Child Play Therapy -
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Child Play Therapy

What is Child Play Therapy?

(adapted from the Center for Play Therapy- University of North Texas)

Dr. Garry L. Landreth, internationally known for his writings and work in promoting the development of play therapy, is a Regents Professor at the University of North Texas. He is the founder of the Center for Play Therapy, the largest play therapy training program in the world, and has conducted workshops focusing on play therapy throughout the United States and in Canada, Europe, China, South Africa and South Korea. Dr. Landreth has more than 100 publications and videos including three books on group counseling and eight books on play therapy. His award winning book Play Therapy: The Art of the Relationship, an Accelerated Development Press bestseller, has been translated into Chinese, Russian and Korean. Dr. Landreth is a licensed professional counselor, founding member of the Board of Directors of the Association for Play Therapy, and a Registered Play Therapy Supervisor. He has received numerous professional honors including:

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• Meadows Honor Professor Award
• President’s Outstanding Professor Award
• Toulouse Scholar Award
• Regents Distinguished Professor Award
• American Association for Counseling and Development Humanitarian and Caring Person Award
• Virginia Axline Distinguished Professional Award
• Shelton Excellence in Teaching Award
• Texas Association for Play Therapy Distinguished Contribution Award
• University of North Texas President’s Award
• Association for Specialists in Group Work Research Award
• Association for Counselor Education and Supervision Counseling Vision and Innovation Award

Play therapy is to children what counseling is to adults. Play therapy utilizes play, children’s natural medium of expression, to help them express their feelings more easily through toys instead of words. In the textbook Play Therapy: The Art of the Relationship (2nd ed.), Landreth (2002) defined child-centered play therapy:

 

A dynamic interpersonal relationship between a child (or person of any age) and a therapist trained in play therapy procedures who provides selected play materials and facilitates the development of a safe relationship for the child (or person of any age) to fully express and explore self (feelings, thoughts, experiences, and behaviors) through play, the child’s natural medium of communication, for optimal growth and development. (p. 16)

“Toys and materials should be selected, not collected.” (Landreth, 2002, p. 133) The toys and materials are the medium in which children in play therapy express themselves. These therapeutically selected items serve an important role in play therapy and should be chosen based on sound rationale. Below are general guidelines to follow when selecting playroom items.Toys should provide variety in choice of expression Toys should be durable Toys should not be complex Toys should allow reality testing of limits Toys should allow development of positive self-image as well as self-control. Toys and materials can have an effect on the type and amount of expression and interaction with the therapist. Selection of the toys should be done with attention to the impact they will have on growth of the child.  Dr. Garry Landreth in his textbook, Play Therapy: The Art of the Relationship, touches on three broad toy categories.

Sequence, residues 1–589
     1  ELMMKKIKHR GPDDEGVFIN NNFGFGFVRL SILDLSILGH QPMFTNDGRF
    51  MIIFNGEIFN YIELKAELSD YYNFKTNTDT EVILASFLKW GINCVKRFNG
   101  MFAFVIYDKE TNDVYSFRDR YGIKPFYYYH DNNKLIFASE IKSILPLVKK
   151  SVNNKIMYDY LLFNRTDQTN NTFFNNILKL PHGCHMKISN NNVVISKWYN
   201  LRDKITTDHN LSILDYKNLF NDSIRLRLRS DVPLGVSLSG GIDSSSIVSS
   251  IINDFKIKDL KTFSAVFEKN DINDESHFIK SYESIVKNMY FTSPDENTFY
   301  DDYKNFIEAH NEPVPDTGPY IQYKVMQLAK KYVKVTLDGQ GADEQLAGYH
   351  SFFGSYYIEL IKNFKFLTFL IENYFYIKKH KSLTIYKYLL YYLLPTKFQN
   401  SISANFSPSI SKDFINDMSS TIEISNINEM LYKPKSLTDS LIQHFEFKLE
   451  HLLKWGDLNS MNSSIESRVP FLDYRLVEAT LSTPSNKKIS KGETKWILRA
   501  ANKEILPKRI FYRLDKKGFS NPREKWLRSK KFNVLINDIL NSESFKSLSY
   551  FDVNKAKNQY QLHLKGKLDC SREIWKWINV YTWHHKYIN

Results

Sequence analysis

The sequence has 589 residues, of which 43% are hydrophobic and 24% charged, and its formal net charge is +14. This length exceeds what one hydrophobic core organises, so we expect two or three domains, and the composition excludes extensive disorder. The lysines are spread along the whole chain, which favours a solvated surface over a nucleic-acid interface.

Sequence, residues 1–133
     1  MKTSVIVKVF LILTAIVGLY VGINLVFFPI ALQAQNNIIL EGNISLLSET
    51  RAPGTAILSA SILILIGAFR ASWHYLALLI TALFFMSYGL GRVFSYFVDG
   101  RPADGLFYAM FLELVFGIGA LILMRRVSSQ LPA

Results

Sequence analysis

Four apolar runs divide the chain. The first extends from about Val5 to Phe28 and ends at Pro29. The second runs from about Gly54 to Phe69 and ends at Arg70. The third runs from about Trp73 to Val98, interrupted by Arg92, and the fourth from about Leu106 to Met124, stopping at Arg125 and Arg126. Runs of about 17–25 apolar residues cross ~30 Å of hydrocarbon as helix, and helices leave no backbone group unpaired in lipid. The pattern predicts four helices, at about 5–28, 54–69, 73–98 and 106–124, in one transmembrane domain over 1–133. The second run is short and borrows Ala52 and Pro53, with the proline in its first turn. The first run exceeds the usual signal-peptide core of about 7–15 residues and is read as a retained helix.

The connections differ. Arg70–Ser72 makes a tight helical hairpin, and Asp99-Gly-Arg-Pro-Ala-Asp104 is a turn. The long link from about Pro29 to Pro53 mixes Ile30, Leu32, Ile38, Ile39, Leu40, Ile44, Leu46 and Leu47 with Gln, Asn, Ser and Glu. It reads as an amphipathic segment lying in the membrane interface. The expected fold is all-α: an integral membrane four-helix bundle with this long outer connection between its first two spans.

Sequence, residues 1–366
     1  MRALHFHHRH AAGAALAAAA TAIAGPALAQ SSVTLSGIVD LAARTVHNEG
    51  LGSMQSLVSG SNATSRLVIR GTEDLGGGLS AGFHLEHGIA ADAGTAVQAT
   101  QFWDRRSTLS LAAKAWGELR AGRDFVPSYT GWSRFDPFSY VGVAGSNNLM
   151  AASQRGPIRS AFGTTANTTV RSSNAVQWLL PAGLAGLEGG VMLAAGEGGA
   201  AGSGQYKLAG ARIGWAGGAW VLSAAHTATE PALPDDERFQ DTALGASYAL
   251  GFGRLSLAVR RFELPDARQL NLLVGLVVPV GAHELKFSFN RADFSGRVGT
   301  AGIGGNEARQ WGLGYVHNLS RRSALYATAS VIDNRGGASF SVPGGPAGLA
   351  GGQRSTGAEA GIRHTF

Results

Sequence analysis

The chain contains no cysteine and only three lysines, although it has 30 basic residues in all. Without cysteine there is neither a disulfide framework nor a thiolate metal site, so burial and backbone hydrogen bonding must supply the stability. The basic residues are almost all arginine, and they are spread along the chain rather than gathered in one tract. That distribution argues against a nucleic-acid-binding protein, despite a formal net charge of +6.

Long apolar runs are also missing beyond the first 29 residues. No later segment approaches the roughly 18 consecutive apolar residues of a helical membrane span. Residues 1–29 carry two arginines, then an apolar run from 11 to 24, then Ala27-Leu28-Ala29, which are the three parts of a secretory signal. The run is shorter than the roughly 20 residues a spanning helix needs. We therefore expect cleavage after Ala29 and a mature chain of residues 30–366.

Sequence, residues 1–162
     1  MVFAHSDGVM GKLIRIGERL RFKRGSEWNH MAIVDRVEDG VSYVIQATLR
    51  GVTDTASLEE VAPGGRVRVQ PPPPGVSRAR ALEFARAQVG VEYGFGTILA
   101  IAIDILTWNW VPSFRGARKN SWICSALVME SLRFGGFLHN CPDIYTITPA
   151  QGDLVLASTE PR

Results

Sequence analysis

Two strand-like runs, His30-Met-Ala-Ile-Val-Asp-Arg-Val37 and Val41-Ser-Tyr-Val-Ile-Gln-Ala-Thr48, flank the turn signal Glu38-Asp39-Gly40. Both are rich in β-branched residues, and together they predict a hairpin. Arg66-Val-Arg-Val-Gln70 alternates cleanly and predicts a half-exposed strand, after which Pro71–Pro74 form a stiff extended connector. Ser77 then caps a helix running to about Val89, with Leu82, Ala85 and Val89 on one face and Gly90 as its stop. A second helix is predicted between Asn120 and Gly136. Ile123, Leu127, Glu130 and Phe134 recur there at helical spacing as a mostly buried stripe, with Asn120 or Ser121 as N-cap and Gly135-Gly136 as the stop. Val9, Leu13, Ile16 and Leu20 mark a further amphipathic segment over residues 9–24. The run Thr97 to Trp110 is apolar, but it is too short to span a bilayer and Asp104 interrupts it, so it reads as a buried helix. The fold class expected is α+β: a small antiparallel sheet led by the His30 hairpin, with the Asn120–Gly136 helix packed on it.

Real-Life Toys: This category consists of toys that are directly representative of real-world items including doll families, dollhouse, puppets, cars, boats, airplanes, cash register, and play money among other things.

 

Aggressive-Release Toys: This toy grouping allows for the release of emotions that are typically not allowed to be expressed in other settings and includes Bobo or the bop bag, toy soldiers, rubber knives, and toy guns (that purposely do not look realistic). Less obvious, but still important are egg cartoons and popcicle sticks that can be physically broken down and destroyed.

 

Creative Expression Toys: This category contains toys that allow for creativity. Paints, butcher paper and an easel, crayons, sand, water, and instruments. Depending on the setting of the playroom, some of these items may need to be replaced with an alternative item.

 

View Recommended Toys and Materials for the Playroom.

 

View a list of Toy Vendors where we purchase many of our playroom toys.

 

Material adapted from Landreth, G. L. (2002). Play therapy: The art of the relationship. (2nd ed.). New York: Brunner-Routledge.